FOOD LAWS and REGULATIONS
Under San Francisco's new (2011) restaurant laws, meals that come with a free toy can contain a maximum of 600 calories.
England in 1820 had 160 crimes for which the penalty was death, including maiming or stealing cattle, cutting down trees in an avenue or a park, setting fire to a cornfield and shooting a rabbit.
Duke Wilhelm IV of Bavaria instituted the Rheinheitsgebot (purity law) in 1516. Generally recognized as the world's first consumer protection law, it decreed that beer could be brewed only from barley malt, hops and water. It is still in force today.
In 1998 the West Virginia legislature passed a bill that lets drivers keep their road kill as long as they report it to the police of conservation officers within 12 hours. This would save the cost of paying Division of Highways workers to clean up the dead animals.
In England, the 'Long Parliament' of 1646 banned mince pie, Christmas pudding and Christmas dinners of more than 3 courses. These laws were never repealed, so technically they are still in effect!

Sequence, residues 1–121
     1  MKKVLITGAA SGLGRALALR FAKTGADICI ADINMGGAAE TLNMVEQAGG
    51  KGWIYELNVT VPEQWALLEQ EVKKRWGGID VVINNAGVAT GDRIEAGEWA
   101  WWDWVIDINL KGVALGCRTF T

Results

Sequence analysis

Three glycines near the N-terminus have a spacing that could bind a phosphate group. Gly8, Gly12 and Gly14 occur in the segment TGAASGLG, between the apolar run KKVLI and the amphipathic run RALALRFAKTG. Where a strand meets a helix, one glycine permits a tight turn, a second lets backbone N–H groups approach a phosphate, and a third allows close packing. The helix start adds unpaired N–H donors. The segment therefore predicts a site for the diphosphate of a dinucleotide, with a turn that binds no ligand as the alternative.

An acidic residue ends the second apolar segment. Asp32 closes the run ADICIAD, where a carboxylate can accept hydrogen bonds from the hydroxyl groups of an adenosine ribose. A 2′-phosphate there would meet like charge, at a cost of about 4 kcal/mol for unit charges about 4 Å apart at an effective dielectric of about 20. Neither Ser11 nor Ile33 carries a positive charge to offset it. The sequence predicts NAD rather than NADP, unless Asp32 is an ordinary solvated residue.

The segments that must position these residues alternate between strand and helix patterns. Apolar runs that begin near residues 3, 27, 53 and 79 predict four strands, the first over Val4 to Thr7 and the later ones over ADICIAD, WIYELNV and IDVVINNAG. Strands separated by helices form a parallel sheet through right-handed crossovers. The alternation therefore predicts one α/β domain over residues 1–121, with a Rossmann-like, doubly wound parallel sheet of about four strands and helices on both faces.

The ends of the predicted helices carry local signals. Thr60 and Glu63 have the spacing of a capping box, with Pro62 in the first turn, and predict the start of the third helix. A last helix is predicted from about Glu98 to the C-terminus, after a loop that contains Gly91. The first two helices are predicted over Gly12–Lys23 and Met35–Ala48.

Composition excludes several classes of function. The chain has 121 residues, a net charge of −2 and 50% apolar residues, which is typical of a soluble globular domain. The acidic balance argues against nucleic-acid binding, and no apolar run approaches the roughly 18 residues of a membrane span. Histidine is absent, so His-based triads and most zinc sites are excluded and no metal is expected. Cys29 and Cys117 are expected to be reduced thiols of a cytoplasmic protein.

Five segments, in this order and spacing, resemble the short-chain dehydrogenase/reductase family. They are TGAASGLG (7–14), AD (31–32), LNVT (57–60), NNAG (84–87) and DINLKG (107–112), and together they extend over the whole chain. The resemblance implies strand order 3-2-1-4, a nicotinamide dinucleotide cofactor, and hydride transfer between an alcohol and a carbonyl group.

In Gainesville, Georgia, the 'Chicken Capital of the World', it is against the law to eat chicken with a fork.
It is/was against the law in Idaho to give anyone a box of candy that weighs more than 50 pounds.
The oldest known code of laws is the Code of Hammurabi from ancient Babylonia, about 1750 B.C. Among other things, It regulated the practices of drinking houses, and called for the death penalty for proprietors found guilty of watering down their beer.
To protect the state's dairy industry, from 1935 to 1937 Wisconsin restaurants were required to serve 2/3 ounce of Wisconsin butter and cheese with every meal.
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